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Forever South

In 1968, South High School graduated its last class. Thirty-five years following the controversial shutdown decision, former students reflect on the distinct, permeative South High experience.

By Curt Wozniak

William Kilgore’s South High School classmates remember him as a quiet leader — hence the nickname “Sir William.”

“He didn’t always have a lot to say,” recalled Janice Noel, who graduated with Kilgore from South in 1968, “but when he spoke, people listened.” To find out why, see Kilgore’s response to the broad, open-ended question: “What was it like to be part of South’s last graduating class at a time when the nation was changing so much?” Kilgore, who works as a production tech with GM, responded simply, eloquently: “It was like a gap in time.”

Kilgore confessed he didn’t coin that phrase. “This was something I could relate to, an idea based on the healing of the country during that time,” he said. But it certainly works well to sum up a decade of social change capped off by one of the most controversial decisions the Grand Rapids Board of Education ever made.

“It was like a gap in time” to be part of
South’s last graduating class at a time when
the nation was changing so much.
— William Kilgore

The pep rallies and football games from the fall of 1967 easily could have been overshadowed by the Tet offensive in Vietnam, launched in January of ’68, and the murder of Dr. Martin Luther King Jr. in April. The exhilaration of graduation could have been cut short by a summer marked by Robert Kennedy’s assassination and the riots at the 1968 Democratic National Convention in Chicago. But when members of South High’s class of ’68 (and their adopted classmates from ’69) get together — as they will Aug. 8 and 9 for their 35th reunion — their repartee doesn’t sound like an American history lecture. They sound like 17-year-olds again …

Hanging out at Joppe’s …

Eating onion burgers at Friendly’s …

Stocking up on butterscotch Lifesavers (or Mars bars, if you happen to be soul singer and former South Trojan, Al Green) at the school store …

And they reminisce about an educational experience that a dozen sparkling new West Side schools couldn’t touch.

* * *

In the 1930s, South became the crown jewel of Grand Rapids Public Schools, turning out exceptional graduates and counting Gerald Ford among its alumni. Boasting an excellent faculty, a diverse student body and successful athletic teams, South was “it,” recalled Noel, the Grand Rapids Public Library children’s specialist known as “Miss Janice” to thousands of young library patrons. “Growing up as children, that was the school you wanted to go to,” she added.

By the 1960s, Grand Rapids was tightly segregated residentially, with most of GR’s African-American population falling into the South High district. According to 1968 newspaper accounts, Superintendent Jay L. Pylman and the board hoped that closing South as a high school and busing its students, 58 percent of whom were African-American, to the city’s remaining high schools would foster a new era of integration. While the merit of this decision — which closed the only truly integrated high school in the city at the time — has been debated for decades, its effects are pretty clear.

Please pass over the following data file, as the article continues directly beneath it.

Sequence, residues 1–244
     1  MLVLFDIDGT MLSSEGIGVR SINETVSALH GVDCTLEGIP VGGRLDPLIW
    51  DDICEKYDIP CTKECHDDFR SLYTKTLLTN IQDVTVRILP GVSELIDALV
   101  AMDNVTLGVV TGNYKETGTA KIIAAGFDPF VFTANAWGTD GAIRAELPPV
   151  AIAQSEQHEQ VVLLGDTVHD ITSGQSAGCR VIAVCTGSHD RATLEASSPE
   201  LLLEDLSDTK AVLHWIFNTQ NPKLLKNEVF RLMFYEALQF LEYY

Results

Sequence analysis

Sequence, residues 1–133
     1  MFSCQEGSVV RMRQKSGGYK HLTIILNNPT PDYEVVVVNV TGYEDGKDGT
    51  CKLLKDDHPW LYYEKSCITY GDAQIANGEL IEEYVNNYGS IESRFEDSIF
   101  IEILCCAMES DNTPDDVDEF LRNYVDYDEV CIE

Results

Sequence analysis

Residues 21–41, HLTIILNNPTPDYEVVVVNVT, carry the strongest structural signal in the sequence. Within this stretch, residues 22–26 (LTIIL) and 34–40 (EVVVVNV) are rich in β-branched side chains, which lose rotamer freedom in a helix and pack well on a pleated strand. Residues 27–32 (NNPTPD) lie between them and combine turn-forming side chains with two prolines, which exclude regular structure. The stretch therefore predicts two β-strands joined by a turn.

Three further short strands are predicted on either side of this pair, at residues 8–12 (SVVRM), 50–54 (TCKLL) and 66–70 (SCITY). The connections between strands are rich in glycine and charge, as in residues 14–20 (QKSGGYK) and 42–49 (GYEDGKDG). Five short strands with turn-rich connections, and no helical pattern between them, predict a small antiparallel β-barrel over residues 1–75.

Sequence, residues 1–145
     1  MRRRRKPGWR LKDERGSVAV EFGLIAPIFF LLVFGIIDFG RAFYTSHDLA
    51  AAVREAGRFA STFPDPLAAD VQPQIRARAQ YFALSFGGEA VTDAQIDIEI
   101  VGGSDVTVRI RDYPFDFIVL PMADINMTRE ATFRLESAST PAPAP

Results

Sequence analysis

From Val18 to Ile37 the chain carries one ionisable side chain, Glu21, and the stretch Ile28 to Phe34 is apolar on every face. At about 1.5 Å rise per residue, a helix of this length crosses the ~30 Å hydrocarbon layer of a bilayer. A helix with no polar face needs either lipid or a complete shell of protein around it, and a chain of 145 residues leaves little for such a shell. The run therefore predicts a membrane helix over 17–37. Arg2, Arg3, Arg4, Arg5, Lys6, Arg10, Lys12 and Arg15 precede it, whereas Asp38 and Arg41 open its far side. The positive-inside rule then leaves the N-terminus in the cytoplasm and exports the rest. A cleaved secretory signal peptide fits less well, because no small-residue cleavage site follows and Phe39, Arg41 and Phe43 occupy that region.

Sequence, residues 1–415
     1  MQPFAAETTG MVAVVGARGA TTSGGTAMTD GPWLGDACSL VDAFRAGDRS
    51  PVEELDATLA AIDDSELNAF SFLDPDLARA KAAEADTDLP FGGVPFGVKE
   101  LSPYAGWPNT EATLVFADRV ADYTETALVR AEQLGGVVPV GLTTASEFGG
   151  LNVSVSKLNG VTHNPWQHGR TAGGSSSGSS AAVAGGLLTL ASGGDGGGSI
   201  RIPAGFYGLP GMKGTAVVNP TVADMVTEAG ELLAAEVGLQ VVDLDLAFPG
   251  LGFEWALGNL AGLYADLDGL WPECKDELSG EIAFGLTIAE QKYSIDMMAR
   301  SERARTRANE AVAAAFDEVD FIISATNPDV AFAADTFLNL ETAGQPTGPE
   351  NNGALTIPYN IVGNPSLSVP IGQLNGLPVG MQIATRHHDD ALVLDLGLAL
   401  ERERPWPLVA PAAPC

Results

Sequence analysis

To South High alumni, taking away their alma mater helped strengthen an already special bond. To the South High neighborhood, closing the neighborhood school inflicted deep wounds that are still not fully healed. And to members of South’s “lost classes,” finishing high school at another school instead of graduating in the navy blue and red of South High meant unrest, riots and police-escorted buses reminiscent of Little Rock in 1957.

* * *

Deborah Jones jokes that she’s led a nomadic life since graduating from South in 1968. Today she’s back home in Grand Rapids, working as a district trainer for Home Depot, but that is a fairly recent development. Jones spent the past seven years working as a writer and public speaker in Atlanta, and the previous 13 in California. Just because it meant traveling from far-flung regions of the country, however, don’t think Jones ever used distance as an excuse to miss a class reunion. In fact, Jones kept her South High affiliation close to her heart, even in the most unlikely places.

“There was just this camaraderie
that we had as students
that still remained in our adult lives.”
— Deborah Jones

The year was 1996. Jones had just moved to Atlanta. She was still settling into the area and had not yet met many people. That fact made the strong sense of recognition that came over her one day in the Laundromat feel even more out of place. Then it hit her.

“Didn’t you go to South High School?” Jones asked a woman who was folding clothes nearby.
Incredulously, the woman answered, “Yes.” And even though she graduated six years ahead of Jones, even though their only real connection was through Jones’ older cousins’ South yearbooks, the two women clicked.

“The thing was, the link was not, ‘Are you from Grand Rapids?’” Jones recalled. “To me, the link that was more important was that we were both from South.”

Jones says the pride she feels for her high school has not faded. When pressed that it might have something to do with her status as a member of South’s last graduating class, she disagrees. “It’s not just from my graduating year; I’m talking about people that I’ve run into in the years since I’ve been out of school that talk about that same thing,” she said. “There was just this camaraderie that we had as students that still remained in our adult lives.”